The irrigation ministers of Egypt, Ethiopia and Sudan are scheduled to hold an online meeting on Tuesday to resume technical talks on the Grand Ethiopian Renaissance Dam (GERD), the Sudanese irrigation ministry said in a statement on Monday.
Khartoum and Addis Ababa announced on 21 May that Egypt, Ethiopia and Sudan have agreed to resume technical discussions on the GERD.
The tripartite negotiations stalled in February after Ethiopia skipped the final round of talks held in Washington. Of the three countries, only Egypt initialled the resulting draft agreement.
The Sudanese irrigation ministry said on Monday that this round of negotiations should end with a “comprehensive agreement that meets the interests of the three countries and fulfils the aspirations of their peoples.”
The ministry explained that throughout the tripartite negotiations that have started in 2013, the three countries have reached agreement on the majority of aspects related to the dam, and that only a few issues remain unresolved.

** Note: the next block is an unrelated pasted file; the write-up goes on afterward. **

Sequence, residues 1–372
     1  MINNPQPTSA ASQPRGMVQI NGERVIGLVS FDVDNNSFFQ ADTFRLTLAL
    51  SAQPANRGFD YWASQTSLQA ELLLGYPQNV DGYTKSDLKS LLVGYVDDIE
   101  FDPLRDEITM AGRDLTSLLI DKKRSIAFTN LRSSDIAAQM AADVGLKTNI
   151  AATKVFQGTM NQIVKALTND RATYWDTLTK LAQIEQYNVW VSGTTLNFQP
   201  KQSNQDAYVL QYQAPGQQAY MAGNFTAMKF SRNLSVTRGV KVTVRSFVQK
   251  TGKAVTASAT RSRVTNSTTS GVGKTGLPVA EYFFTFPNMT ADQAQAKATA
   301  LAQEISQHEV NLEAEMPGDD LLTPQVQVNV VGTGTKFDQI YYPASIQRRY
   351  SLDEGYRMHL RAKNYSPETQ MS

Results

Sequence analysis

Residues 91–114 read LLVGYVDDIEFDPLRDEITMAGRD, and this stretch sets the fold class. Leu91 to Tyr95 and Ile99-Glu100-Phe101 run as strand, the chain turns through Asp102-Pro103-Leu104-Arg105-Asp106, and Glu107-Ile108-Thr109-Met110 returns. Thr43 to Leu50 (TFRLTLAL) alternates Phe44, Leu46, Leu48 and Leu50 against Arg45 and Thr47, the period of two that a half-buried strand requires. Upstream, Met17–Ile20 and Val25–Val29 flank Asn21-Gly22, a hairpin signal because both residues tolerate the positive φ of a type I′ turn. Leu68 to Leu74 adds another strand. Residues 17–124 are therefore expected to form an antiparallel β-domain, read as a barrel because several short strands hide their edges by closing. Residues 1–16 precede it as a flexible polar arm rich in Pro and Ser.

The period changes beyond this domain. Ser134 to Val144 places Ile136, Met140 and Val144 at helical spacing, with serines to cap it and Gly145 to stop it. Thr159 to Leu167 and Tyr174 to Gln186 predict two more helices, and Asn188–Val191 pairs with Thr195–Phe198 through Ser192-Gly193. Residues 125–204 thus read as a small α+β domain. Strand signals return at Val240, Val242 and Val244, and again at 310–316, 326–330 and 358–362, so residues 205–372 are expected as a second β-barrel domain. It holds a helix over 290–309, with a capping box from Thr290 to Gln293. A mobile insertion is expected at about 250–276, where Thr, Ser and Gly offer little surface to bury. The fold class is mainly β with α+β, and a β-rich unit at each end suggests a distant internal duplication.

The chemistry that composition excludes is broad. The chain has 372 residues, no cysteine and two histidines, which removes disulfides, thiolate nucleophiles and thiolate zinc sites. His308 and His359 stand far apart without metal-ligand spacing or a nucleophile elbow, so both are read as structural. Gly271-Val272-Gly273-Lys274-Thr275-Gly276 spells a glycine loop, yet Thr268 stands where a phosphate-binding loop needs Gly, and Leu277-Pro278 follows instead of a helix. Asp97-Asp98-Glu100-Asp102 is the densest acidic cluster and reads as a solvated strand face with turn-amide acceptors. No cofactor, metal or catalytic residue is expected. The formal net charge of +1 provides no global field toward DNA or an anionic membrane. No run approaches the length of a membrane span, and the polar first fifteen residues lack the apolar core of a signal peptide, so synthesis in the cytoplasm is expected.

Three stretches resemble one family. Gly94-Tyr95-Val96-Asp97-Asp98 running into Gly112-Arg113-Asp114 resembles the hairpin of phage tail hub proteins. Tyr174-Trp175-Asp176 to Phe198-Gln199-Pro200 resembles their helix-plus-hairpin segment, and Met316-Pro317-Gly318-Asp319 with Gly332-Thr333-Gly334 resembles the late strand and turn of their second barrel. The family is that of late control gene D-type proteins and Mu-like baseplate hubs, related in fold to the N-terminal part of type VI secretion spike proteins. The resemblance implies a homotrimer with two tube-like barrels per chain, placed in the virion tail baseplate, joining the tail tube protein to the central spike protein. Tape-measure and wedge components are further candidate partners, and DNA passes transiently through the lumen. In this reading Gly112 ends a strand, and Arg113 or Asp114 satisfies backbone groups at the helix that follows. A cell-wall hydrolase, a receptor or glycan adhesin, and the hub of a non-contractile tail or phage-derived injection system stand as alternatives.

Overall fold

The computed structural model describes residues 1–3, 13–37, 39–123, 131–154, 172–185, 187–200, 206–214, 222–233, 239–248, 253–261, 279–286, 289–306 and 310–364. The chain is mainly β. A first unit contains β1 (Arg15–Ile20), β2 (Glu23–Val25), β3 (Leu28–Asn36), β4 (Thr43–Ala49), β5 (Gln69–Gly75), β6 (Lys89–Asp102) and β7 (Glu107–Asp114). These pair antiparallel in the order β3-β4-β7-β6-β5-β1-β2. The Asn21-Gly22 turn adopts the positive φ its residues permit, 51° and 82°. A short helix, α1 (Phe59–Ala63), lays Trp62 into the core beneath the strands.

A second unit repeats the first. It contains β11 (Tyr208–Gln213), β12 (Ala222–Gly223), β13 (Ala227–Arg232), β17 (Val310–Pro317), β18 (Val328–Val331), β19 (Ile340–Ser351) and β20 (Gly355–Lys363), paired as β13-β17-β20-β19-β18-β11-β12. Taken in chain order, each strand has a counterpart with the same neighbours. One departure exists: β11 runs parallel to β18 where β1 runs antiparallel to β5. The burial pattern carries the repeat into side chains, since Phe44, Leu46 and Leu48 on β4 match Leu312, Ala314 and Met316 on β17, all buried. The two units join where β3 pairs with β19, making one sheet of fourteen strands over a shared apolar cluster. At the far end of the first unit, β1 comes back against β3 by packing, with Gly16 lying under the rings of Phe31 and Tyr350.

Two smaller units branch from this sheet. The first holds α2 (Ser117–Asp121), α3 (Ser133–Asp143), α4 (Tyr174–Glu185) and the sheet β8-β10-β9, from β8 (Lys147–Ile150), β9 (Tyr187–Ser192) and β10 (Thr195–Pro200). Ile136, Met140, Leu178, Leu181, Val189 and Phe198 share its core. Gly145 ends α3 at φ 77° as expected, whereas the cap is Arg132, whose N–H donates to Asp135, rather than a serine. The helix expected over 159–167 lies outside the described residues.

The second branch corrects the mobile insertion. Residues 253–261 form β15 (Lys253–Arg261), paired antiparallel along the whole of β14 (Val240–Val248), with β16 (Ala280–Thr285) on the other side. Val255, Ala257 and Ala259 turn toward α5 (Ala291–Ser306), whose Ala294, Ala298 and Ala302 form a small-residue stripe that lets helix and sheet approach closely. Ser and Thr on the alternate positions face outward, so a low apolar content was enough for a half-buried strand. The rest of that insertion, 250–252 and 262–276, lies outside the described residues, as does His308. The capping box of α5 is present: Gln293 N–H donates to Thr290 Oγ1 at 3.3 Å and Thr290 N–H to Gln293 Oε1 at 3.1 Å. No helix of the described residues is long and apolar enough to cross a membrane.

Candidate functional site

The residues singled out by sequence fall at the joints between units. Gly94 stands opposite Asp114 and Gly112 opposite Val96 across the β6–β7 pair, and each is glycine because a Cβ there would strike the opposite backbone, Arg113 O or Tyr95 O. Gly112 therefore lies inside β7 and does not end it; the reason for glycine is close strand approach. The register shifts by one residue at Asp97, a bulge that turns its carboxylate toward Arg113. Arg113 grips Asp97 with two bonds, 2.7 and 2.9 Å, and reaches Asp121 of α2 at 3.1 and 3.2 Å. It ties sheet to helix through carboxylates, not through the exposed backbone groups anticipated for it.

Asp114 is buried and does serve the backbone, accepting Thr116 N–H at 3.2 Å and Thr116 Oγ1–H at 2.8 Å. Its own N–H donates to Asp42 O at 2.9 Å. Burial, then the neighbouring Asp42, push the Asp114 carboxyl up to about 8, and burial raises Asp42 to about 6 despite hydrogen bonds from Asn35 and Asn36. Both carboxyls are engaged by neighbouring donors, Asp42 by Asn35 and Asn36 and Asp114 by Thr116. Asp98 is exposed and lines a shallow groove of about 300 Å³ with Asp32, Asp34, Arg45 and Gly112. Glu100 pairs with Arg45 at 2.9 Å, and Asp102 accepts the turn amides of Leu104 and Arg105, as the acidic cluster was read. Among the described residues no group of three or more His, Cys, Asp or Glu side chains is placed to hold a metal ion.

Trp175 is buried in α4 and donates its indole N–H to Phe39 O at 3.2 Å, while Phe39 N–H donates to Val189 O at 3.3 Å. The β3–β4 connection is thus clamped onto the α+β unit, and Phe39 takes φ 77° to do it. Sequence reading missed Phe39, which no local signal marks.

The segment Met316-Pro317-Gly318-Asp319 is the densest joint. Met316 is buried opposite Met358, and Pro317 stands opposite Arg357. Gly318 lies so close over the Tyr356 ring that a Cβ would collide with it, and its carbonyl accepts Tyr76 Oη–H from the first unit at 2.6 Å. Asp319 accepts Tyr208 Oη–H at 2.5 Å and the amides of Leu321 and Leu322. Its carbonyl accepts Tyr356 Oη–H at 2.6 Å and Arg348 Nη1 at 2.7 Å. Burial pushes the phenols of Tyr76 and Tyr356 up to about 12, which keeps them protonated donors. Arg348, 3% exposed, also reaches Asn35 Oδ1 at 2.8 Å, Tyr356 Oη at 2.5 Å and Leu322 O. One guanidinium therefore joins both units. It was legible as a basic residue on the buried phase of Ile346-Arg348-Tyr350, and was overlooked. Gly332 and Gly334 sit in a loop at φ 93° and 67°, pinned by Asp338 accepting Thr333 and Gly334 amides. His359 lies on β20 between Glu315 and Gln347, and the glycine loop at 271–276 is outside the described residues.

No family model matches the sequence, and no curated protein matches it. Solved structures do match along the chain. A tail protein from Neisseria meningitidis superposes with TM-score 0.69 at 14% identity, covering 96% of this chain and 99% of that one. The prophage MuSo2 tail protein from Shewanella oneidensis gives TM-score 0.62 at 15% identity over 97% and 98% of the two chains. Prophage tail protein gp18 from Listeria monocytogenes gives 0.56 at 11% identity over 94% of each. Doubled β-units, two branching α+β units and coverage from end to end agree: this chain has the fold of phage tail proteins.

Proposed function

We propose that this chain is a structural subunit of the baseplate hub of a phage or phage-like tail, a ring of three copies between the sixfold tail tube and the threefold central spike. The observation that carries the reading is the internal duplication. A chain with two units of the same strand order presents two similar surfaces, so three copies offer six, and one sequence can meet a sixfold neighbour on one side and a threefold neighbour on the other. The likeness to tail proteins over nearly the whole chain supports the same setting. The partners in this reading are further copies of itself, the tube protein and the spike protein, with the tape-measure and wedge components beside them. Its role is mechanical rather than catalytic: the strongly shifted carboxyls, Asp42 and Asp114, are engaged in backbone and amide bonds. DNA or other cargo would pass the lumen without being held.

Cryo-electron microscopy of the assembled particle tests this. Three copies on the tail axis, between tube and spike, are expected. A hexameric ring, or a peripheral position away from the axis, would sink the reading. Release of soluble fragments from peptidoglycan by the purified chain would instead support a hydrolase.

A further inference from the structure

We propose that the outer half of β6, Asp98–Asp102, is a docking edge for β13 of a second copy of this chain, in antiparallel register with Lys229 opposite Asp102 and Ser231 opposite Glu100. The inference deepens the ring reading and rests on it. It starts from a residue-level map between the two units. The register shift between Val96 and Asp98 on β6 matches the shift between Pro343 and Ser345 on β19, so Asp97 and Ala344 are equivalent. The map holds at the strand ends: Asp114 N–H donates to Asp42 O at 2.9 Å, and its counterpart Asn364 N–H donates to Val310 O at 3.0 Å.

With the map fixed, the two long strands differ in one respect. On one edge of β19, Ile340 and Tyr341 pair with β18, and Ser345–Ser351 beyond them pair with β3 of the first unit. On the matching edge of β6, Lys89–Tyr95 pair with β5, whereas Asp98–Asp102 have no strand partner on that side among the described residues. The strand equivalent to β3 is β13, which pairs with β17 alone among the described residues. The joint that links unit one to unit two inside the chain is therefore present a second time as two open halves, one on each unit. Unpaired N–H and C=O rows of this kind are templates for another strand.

The meeting is set to discuss procedural issues related to the role of observers and the remaining issues under discussion. It will be attended by three observers from the United States, South Africa and the European Commission.
On Monday, Sudan's information minister and government spokesman Faisal Salih insisted that an agreement should be signed between the three countries before Ethiopia starts filling the GERD.
Salih confirmed that Sudan is a key party in the tripartite negotiations and will be affected by the filling of the GERD due to its proximity to the Roseires dam in southern Sudan.
Egypt said in May that it is always ready for talks with Sudan and Ethiopia over the GERD after the announcement by Khartoum and Addis Ababa that they are willing to resume technical discussions, the Egyptian foreign ministry said in a short statement.
The Egyptian foreign ministry stressed that the upcoming meeting between the ministers of irrigations should be "serious and constructive" to contribute to a fair, balanced and comprehensive agreement that would preserve Egypt’s water rights and the interests of both Sudan and Ethiopia.
Egypt and Sudan rejected an Ethiopian agreement released on 10 April proposing a “partial agreement” that would only cover the first stage of the filling.
On 1 May, Egypt sent a memo to the Security Council blaming Ethiopia for trying to establish a deal without taking the interests of downstream countries, Egypt and Sudan, into consideration.